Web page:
El-Niño and La-Nina
When El-Niño occurs, it keeps the sea surfaces warmer. This causes milder-than-normal cold temperatures across the sea and some parts of the US. In contrast, when La-Nina occurs, it keeps the sea surfaces colder. This causes colder-than-normal temperatures in the central Pacific Ocean and some parts of the US over a period of 10–12 months.
US natural gas inventory
The El-Niño weather pattern was predominant in 1997–1998 and 2015–2016. Milder-than-normal temperatures led to a rise in the inventory due to less heating needs during the winter seasons. This was followed by La-Nina in 1999. This pattern led to a decline in the natural gas inventory. The same situation could repeat in 2016 or 2017 after the 2015–2016 El-Niño. It led to near record US natural gas inventory during this period of the year. To learn more about the US natural gas inventory report, read the next part of the series.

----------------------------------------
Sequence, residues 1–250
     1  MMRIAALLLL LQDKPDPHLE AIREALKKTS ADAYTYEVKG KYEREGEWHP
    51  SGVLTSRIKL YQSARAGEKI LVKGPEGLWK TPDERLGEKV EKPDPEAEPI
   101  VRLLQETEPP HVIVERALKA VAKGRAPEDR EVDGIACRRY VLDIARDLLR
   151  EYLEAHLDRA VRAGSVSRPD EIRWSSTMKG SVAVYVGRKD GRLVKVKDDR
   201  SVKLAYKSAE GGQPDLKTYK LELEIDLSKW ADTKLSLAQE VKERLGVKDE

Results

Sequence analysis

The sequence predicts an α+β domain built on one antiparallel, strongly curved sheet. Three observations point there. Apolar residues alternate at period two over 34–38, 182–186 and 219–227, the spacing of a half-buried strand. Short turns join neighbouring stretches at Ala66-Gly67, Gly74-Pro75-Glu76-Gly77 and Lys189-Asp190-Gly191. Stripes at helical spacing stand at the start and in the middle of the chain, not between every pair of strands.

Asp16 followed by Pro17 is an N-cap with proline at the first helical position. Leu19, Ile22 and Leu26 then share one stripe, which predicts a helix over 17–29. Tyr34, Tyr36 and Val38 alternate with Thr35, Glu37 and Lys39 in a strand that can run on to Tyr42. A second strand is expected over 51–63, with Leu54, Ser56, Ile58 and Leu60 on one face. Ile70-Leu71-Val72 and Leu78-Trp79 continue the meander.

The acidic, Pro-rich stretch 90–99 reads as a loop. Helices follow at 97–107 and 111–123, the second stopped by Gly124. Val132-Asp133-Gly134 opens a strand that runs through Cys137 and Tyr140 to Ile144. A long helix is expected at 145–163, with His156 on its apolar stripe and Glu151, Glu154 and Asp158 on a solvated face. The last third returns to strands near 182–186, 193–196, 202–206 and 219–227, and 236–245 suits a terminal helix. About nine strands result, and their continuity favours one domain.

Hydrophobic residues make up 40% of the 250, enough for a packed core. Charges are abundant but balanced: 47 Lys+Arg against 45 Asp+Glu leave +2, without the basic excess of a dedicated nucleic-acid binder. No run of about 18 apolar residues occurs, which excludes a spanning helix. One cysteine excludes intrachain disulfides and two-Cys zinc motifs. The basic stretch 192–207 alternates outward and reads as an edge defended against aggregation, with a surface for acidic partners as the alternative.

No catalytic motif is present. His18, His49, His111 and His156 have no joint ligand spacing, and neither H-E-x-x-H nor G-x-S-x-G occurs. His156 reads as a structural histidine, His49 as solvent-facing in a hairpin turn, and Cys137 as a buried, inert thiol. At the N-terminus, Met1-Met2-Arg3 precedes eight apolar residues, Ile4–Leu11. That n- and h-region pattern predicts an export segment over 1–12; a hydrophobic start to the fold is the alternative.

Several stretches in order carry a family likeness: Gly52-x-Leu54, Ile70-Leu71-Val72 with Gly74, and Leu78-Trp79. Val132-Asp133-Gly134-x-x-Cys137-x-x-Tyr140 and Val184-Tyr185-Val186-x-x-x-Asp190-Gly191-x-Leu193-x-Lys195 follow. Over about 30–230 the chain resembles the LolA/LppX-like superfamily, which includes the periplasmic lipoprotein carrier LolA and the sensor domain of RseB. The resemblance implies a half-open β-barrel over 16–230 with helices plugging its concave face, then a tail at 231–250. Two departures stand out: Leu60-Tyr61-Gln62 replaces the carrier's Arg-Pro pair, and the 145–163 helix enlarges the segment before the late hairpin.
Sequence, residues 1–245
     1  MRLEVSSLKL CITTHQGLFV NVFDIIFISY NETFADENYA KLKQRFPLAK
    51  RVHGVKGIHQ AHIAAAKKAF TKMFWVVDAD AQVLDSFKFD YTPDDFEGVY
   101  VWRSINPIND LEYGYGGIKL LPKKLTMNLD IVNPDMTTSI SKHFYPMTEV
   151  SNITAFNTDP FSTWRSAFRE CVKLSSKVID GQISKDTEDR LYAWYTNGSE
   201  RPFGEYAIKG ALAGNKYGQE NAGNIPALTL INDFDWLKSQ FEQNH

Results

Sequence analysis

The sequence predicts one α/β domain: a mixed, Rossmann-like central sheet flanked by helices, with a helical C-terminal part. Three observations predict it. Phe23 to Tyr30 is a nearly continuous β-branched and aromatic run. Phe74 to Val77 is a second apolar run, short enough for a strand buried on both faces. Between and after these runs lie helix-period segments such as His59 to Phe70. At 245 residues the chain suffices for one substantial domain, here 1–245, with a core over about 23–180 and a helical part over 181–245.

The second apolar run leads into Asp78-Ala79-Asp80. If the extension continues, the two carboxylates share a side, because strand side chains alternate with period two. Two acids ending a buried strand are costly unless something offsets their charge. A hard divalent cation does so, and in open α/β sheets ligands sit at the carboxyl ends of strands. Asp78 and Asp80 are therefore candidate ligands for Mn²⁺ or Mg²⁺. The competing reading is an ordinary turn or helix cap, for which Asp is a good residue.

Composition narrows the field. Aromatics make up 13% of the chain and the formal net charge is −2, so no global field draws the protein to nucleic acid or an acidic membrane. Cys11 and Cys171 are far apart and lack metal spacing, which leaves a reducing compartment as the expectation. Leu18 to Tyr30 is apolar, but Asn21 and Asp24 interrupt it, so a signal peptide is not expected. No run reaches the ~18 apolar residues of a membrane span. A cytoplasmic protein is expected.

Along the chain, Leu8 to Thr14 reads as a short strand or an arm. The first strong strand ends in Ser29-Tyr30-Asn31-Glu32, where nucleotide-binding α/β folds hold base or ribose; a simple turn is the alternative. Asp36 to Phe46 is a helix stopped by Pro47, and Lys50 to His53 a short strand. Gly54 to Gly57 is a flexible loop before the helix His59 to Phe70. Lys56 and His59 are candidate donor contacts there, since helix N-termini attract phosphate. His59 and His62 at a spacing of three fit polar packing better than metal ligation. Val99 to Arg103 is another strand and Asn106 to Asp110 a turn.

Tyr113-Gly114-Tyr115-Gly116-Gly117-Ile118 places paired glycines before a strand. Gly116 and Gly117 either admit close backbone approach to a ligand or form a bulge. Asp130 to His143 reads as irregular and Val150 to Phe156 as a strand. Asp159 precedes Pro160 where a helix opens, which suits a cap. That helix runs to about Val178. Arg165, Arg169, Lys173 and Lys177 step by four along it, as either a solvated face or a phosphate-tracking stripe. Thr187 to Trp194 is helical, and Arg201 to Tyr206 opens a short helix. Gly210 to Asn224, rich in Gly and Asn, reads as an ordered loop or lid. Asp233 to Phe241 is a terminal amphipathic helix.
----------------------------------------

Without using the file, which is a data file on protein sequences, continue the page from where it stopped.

Natural gas prices during El-Niño
The El-Niño period saw depressed natural gas prices in 1997–1998 and 2015. After El-Niño, natural gas prices rallied from $2 per MMBtu to $10 per MMBtu between January 2000 and October 2000. Will this happen again? We’ll discuss this more in the next part. The uptick in natural gas prices has a positive impact on natural gas producers’ margins like EV Energy (EVEP), Memorial Production (MEMP), Gulfport Energy (GPOR), Cabot Oil & Gas (COG), and Comstock Resources (CRK).
Impact on ETFs
The rollercoaster ride in natural gas prices impacts ETFs and ETNs like the PowerShares DB Energy Fund (DBE), the VelocityShares 3x Inverse Natural Gas ETN (DGAZ), the Guggenheim S&P 500 Equal Weight Energy ETF (RYE), and the Fidelity MSCI Energy ETF (FENY).